Our current system of paying for the beach is both fair and provides options to consumers.

First, if you don’t go to the beach, you don’t pay for it. Putting the expense of cleaning, providing public safety and providing lifeguards onto taxpayers who never step foot on the beach is unfair.  Was it fair to put the expense of building the new boardwalk onto taxpayers who will never use it?

Second, one of the very Jersey aspects of the entire Jersey Shore is that each Shore town has its own character. They run the range of full-blown amusement park to quiet, tranquil setting.  And how would Senator Doherty’s bill change that?  When a middle-class family wants to get away for the day, the Jersey Shore provides a wide variety of options.  If the beach were free, maybe poor people could get away for the day too.  Why do we only care about the middle class having some fun?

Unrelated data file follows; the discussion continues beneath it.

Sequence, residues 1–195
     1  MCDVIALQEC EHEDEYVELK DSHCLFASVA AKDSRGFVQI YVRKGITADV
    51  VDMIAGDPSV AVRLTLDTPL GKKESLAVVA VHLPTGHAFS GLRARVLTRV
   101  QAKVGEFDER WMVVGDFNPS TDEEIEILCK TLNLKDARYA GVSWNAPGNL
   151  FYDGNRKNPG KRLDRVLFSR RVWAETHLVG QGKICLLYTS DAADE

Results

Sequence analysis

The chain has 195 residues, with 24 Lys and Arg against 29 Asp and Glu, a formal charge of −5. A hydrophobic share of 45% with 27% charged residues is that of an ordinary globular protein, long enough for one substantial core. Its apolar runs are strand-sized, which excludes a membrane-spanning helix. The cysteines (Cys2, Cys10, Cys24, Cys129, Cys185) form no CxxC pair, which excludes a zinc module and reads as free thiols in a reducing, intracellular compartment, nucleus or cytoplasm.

In Belmar, adults pay a daily price of only $7, and children 15 and younger are free. So a family of four can enjoy a day at the beach for only $14. In addition, we have free playgrounds and allow food on the beach. So while we always encourage visitors to shop in our small businesses, they have the ability to keep their visit very inexpensive. Compared to going to the movies, where a family of four will spend $30 or more for a two-hour experience, our beach is a great value for families.  Free is a better value.

For that $7, patrons are able to enjoy a clean, safe environment. Our Department of Public Works cleans the beach starting at 4:30 a.m. and it goes all day. Our Police Department patrols both the boardwalk and beach to ensure there is public safety even in very large crowds.  Oh yeah, that beach is a real hotbed of criminal activity.  Actually all the police patrols are centered around making sure visitors pay for parking and for badges.  And I guess they’re also now keeping us safe from smokers.  And lastly, our lifeguards keep watch over tens of thousands of swimmers. They save hundreds of people each year from dangerous conditions that can appear out of nowhere in the ocean. It is important to note that the ocean is not a pool; it is not calm like in the Caribbean or the Gulf Coast. The North Atlantic that we swim in and enjoy can turn dangerous quickly.  No one is suggesting we should have dirty beaches with no lifeguards.  That will be paid for by the state under the Senator’s plan.